They’re known as the yellow-belied kingsnake or the prairie kingsnake, slithering from Nebraska to Virginia and Texas to Florida, and now researchers say they’re not one species but three.

Researchers at the American Museum of Natural History and City University of New York’s College of Staten Island said in an analysis published by Molecular Phylogentics and Evolution the snakes evolved into separate species because of the distinct ecosystems in which they live.

Two of the subspecies initially were classified as distinct species when they were first discovered but then demoted. The new analysis re-elevates them.

L.calligaster is found in the prairies west of the Mississippi River, L.rhombomaculata in the forests east of the Mississippi, and L.occipitolineata in the wet prairies of South Florida.

The researchers said the assumption the Mississippi River was responsible for creating the separate species by creating a barrier that prevented the snakes from breeding with their counterparts is wrong, saying the ecosystems themselves played a greater role.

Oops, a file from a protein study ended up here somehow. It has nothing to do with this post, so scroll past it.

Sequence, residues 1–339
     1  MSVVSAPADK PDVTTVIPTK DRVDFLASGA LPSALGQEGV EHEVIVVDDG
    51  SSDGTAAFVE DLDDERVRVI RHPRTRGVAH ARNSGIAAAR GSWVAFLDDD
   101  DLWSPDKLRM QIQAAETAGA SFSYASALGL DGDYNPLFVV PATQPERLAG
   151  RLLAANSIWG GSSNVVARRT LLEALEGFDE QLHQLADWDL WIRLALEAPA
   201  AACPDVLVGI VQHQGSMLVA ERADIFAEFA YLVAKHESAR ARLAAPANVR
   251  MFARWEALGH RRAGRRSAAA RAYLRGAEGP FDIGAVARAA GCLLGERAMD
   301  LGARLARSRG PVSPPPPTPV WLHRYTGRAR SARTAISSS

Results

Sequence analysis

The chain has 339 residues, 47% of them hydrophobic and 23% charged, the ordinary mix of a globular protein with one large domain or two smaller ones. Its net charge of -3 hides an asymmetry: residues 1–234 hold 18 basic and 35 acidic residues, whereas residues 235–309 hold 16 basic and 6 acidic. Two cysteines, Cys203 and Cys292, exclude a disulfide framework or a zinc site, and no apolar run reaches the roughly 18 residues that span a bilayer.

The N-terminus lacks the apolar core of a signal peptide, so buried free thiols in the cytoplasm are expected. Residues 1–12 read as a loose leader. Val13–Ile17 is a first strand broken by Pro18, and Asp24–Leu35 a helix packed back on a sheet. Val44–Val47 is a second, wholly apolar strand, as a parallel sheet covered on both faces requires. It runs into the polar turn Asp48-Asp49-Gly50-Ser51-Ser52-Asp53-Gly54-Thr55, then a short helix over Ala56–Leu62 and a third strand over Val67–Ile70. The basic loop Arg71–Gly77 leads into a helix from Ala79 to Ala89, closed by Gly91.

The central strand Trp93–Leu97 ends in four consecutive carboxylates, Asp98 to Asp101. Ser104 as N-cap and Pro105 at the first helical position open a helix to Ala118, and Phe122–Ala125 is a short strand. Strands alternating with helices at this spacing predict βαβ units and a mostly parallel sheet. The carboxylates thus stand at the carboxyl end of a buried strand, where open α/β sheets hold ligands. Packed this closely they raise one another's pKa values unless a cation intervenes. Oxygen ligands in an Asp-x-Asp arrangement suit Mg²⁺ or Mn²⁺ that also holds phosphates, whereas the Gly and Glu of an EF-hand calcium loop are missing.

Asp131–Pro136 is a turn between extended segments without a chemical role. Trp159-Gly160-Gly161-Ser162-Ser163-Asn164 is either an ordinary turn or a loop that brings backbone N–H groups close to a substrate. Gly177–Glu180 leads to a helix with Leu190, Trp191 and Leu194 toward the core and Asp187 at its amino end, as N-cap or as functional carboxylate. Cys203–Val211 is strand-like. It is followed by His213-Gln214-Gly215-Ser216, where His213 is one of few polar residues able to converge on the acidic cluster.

“You go from the forest to the grasslands and ‘voila!’, you make a different species,” said Frank Burbrink, an associate curator in the museum’s Department of Herpetology, one of the study’s authors. He also has studied this effect on copperhead snakes.

Burbrink said this same mechanism likely also applies to other animals.

“All of the animals that have a range over these areas should probably be restudied,” Burbrink said.

“Even though the U.S. has been explored scientifically for more than 200 years, we still don’t fully know what’s in our backyard.”

The yellow-belied kingsnake lives in open and semi-open areas, including weedy fields, pastures, prairies, rocky hillsides, thickets, open woodland, barrier beaches, salt-grass savannas, marshy areas and residential areas. It spends much of its time underground or under surface cover.

The nonvenomous snakes are light brown or gray, with dark gray, dark brown or reddish-brown blotching. They can grow as long as 40 inches and often are confused with various kinds of rat snakes. They eat primarily rodents but also lizards, frogs and sometimes other snakes.